I have taken care of patients now for a span of roughly 25 years. Patient care is a unique window to what the world is thinking. As people open up about the intimate details of their lives, necessary to inform good clinical decisions, their perspectives, preferences and priorities about everything from politics to religion tend to spill along with the other beans. To the extent that a given population of patients is a cross section, you can learn what the world is really thinking.
My patients think no two nutritionists agree about anything; I’ve heard it more times than I can recall. They also think no given nutrition expert holds the same opinion for more than 20 minutes at a stretch. (The latter, of course, only pertains to new patients who haven’t seen me twice, at least 20 minutes apart.)
I think these views do reflect the world at large because I have heard them elsewhere. I’ve heard them from students, audience members, email correspondents, social media contacts and even colleagues. This, then, seems to be the prevailing perception.
It is entirely false. We’ll come back to that.
There is good reason for thinking it’s true, and that reason runs on the usual fuel: money. If at any point our culture were to settle down and do what all the Blue Zone populations do – just eat wholesome foods in sensible combinations, generation after generation – whole industries would wither. What, then, of the booming fad diet book industry? Obsolete. What, then, of the ever-titillating morning show segments about the best new ways to lose weight fast? Obsolete, in part because hardly anybody would need to lose weight in the first place.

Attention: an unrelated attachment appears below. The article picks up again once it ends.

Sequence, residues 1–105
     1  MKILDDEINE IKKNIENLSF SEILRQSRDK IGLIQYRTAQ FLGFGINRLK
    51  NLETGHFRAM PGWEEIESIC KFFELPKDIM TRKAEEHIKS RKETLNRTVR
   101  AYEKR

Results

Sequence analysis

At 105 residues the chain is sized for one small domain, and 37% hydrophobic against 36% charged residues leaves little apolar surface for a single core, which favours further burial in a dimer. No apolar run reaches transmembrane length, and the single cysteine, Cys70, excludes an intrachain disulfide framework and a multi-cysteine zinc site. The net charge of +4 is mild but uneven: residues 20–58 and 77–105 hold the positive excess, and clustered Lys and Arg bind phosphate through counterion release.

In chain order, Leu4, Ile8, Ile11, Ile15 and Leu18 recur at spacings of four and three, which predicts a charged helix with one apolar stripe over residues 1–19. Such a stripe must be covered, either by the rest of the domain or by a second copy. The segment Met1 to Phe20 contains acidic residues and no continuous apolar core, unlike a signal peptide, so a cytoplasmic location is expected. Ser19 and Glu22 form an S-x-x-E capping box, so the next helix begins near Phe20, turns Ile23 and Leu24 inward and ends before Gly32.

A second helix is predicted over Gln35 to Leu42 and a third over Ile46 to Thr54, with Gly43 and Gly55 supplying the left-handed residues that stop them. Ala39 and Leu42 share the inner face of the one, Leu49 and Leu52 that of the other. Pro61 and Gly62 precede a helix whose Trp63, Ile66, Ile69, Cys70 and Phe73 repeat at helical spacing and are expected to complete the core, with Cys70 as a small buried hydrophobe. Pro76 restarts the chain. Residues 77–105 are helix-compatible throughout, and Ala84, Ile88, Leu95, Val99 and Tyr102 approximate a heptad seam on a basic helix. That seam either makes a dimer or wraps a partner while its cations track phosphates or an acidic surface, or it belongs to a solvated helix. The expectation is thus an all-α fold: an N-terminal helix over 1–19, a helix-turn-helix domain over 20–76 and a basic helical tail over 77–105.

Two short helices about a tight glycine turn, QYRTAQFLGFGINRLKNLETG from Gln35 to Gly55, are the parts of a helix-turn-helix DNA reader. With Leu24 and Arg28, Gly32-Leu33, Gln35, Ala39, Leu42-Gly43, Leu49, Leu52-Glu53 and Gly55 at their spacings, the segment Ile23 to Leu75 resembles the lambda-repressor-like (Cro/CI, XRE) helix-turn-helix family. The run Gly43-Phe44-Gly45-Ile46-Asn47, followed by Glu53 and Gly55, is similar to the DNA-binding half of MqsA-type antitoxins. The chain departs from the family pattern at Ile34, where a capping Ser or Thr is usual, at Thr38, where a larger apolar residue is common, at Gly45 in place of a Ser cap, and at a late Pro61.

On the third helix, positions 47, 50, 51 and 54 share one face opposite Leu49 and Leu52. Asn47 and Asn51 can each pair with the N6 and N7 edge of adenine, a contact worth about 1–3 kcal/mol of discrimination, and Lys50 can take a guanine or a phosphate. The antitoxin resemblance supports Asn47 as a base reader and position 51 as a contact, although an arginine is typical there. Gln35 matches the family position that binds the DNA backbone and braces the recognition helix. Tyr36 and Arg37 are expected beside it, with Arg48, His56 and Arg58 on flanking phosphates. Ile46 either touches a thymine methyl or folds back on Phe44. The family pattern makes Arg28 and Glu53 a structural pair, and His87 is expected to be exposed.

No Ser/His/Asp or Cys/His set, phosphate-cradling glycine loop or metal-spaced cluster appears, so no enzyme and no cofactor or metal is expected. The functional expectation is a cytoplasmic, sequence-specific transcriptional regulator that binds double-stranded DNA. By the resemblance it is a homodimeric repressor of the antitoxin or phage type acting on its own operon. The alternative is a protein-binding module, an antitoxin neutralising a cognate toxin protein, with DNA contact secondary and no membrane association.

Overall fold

What of the monthly magazine features that, remarkably, keep inventing brand new ways for women to tone their buns, and men to get six-packs? Well, maybe those could stay – but I rather doubt it. If everyone were well-informed and fundamentally sensible about the short list of lifestyle factors, including diet, that sculpt health itself, I think they would tend to be a bit less gullible and desperate for unlikely innovations in body sculpting. (For what it’s worth, guys, the six-pack thing pretty much involves eating right and working out every day of your life! If you really do find an alternative, let me know.)
What of lotions, potions and pixie dust for losing weight, or preserving youth? All pretty much yesterday’s news.
So there are whole industries dependent on us being perennially befuddled about the basic care and feeding of Homo sapiens. Any wonder, then, we seem to be just that?
As for the authors of those fad diet books, and guest experts on those morning show segments, yes – they are complicit in this. Some of them are true renegades, radicals, wingnuts or mercenaries, too. But for the most part, they are simply playing the only game in town. However much they may agree with all of their colleagues, the only way to get any prime time attention is to focus on the disagreement. Discord is interesting. Accord, it seems, however much more empowering, is less so – at least to the producers running the show(s).